Photos by Emily Caruso
Let’s just get this out of the way: cauliflower steaks are not trying to be steaks. Cauliflower is not trying to catfish you—it’s not all, “Yeah, sorry, I don’t have a phone so we can’t talk, but I swear I’m a steak. Here’s a stock photo of me searing on a grill to prove it!” The term cauliflower steaks refers to the form the cauliflower takes, not the taste—rather than being broken into florets, it’s cut into thick slices.
Because cauliflower steaks don’t taste or cook like meat, I’ve never used them as a meat substitute in a recipe—until now! When I happened upon a Parmesan Chicken Cutlets recipe from Epicurious, I went through my mental rolodex of chicken substitutes and came up empty. I have a weird aversion to combining tofu and cheese, so that was out. Chickpeas? Nope. Seitan? Meh. And then I thought that the breadcrumb coating might be delicious on cauliflower. I’d have to adjust the recipe to bake it instead of frying, but Crispy Parmesan Panko Cauliflower Steaks sounded pretty irresistible.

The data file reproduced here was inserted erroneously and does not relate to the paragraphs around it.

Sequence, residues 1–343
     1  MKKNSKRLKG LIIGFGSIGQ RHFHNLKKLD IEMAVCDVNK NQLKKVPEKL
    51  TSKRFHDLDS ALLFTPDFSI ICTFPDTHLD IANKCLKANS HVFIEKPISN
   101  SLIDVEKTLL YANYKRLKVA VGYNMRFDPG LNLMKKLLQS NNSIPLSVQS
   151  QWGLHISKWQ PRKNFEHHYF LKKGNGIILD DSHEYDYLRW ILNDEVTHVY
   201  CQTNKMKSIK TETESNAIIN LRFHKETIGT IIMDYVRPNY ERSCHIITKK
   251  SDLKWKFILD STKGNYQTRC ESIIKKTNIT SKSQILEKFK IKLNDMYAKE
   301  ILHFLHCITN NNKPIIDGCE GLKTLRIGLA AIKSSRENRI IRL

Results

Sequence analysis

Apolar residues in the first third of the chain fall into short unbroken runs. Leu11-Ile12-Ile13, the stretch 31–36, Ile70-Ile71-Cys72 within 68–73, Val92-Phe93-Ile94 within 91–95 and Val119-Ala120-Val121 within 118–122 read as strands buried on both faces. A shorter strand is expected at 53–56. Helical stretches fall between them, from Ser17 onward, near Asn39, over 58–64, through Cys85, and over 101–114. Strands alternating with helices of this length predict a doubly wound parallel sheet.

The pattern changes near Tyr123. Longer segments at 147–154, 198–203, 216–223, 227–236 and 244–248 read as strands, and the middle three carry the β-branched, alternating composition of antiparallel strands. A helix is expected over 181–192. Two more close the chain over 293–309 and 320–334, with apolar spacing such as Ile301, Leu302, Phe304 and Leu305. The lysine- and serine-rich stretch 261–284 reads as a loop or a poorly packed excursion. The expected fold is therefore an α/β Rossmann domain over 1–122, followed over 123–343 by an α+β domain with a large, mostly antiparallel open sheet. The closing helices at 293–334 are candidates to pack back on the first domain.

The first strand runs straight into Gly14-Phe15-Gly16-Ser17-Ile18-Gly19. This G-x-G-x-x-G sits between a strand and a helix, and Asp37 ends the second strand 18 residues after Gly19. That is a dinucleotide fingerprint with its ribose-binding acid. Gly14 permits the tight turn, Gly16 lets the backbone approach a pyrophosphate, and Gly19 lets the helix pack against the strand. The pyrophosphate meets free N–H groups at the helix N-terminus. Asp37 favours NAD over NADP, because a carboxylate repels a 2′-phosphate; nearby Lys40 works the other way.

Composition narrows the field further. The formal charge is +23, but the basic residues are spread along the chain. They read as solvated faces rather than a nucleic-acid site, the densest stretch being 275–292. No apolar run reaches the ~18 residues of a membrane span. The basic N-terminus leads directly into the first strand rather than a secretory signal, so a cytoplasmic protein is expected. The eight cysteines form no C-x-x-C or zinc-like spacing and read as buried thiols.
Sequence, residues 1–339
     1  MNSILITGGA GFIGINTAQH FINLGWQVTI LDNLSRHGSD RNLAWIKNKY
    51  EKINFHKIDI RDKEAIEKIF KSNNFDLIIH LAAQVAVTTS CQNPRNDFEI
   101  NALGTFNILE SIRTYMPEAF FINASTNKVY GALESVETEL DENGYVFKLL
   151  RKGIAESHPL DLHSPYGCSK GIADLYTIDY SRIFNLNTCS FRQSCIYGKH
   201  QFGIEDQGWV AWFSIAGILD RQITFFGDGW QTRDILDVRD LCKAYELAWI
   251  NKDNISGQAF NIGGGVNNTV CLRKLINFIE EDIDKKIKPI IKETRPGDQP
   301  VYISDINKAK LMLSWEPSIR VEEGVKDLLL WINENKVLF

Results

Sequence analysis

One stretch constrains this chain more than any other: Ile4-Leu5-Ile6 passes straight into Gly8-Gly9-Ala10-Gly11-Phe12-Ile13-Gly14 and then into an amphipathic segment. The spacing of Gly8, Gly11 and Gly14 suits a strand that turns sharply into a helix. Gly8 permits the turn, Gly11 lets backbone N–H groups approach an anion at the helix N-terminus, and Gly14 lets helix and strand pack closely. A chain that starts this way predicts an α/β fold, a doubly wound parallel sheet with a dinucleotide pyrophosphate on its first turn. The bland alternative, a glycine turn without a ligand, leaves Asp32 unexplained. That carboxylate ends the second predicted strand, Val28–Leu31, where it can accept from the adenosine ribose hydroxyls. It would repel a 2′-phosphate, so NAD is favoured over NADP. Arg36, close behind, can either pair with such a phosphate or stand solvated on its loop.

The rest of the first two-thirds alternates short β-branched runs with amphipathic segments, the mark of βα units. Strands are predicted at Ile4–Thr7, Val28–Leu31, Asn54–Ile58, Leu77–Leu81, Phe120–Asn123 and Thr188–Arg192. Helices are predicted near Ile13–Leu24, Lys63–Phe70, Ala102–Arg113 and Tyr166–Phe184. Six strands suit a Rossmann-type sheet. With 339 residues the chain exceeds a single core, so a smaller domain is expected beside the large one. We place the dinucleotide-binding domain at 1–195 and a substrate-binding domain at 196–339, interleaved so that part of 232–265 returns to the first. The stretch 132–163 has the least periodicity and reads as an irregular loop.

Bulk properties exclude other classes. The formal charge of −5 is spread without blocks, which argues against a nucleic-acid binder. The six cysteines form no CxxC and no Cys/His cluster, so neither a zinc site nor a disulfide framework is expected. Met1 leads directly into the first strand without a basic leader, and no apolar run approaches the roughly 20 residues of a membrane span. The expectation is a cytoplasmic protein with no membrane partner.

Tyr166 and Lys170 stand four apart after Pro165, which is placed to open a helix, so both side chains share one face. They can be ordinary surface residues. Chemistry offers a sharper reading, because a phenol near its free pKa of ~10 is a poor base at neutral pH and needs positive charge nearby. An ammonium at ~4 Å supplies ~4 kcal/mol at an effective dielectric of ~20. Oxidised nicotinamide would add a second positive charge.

When you cut cauliflower into steaks, you have to embrace the fact that they’re not going to be perfect—not like the photos you see in magazines, at least. When you cut the cauliflower into steaks, it’s inevitable that some florets will fall off, especially on the ends. That’s okay! As you can see in the photos here, we just bread and roast them with the rest. Other recipes I’ve seen say to discard the florets, reserve them for another use, or eat them as a snack, but unless you’re cooking for someone you need to impress, I say you should just cook them with the steaks.
In my years of cauliflower steak making, I’ve learned a few tricks. First, using a large cauliflower helps and if you can find one that’s oblong rather than round, that’s even better—it will allow you to cut more steaks that stay intact. I always start by cutting the cauliflower in half down the middle, from the top to the stem, and then I cut each half into steaks.
You can serve these steaks with a variety of sauces, dressings and pestos—marinara or gremolata would be delicious—but I stuck with the original recipe’s suggestion of serving with lemon wedges. A squeeze of lemon juice and a sprinkling of fresh herbs is all these steaks need.Print this recipe
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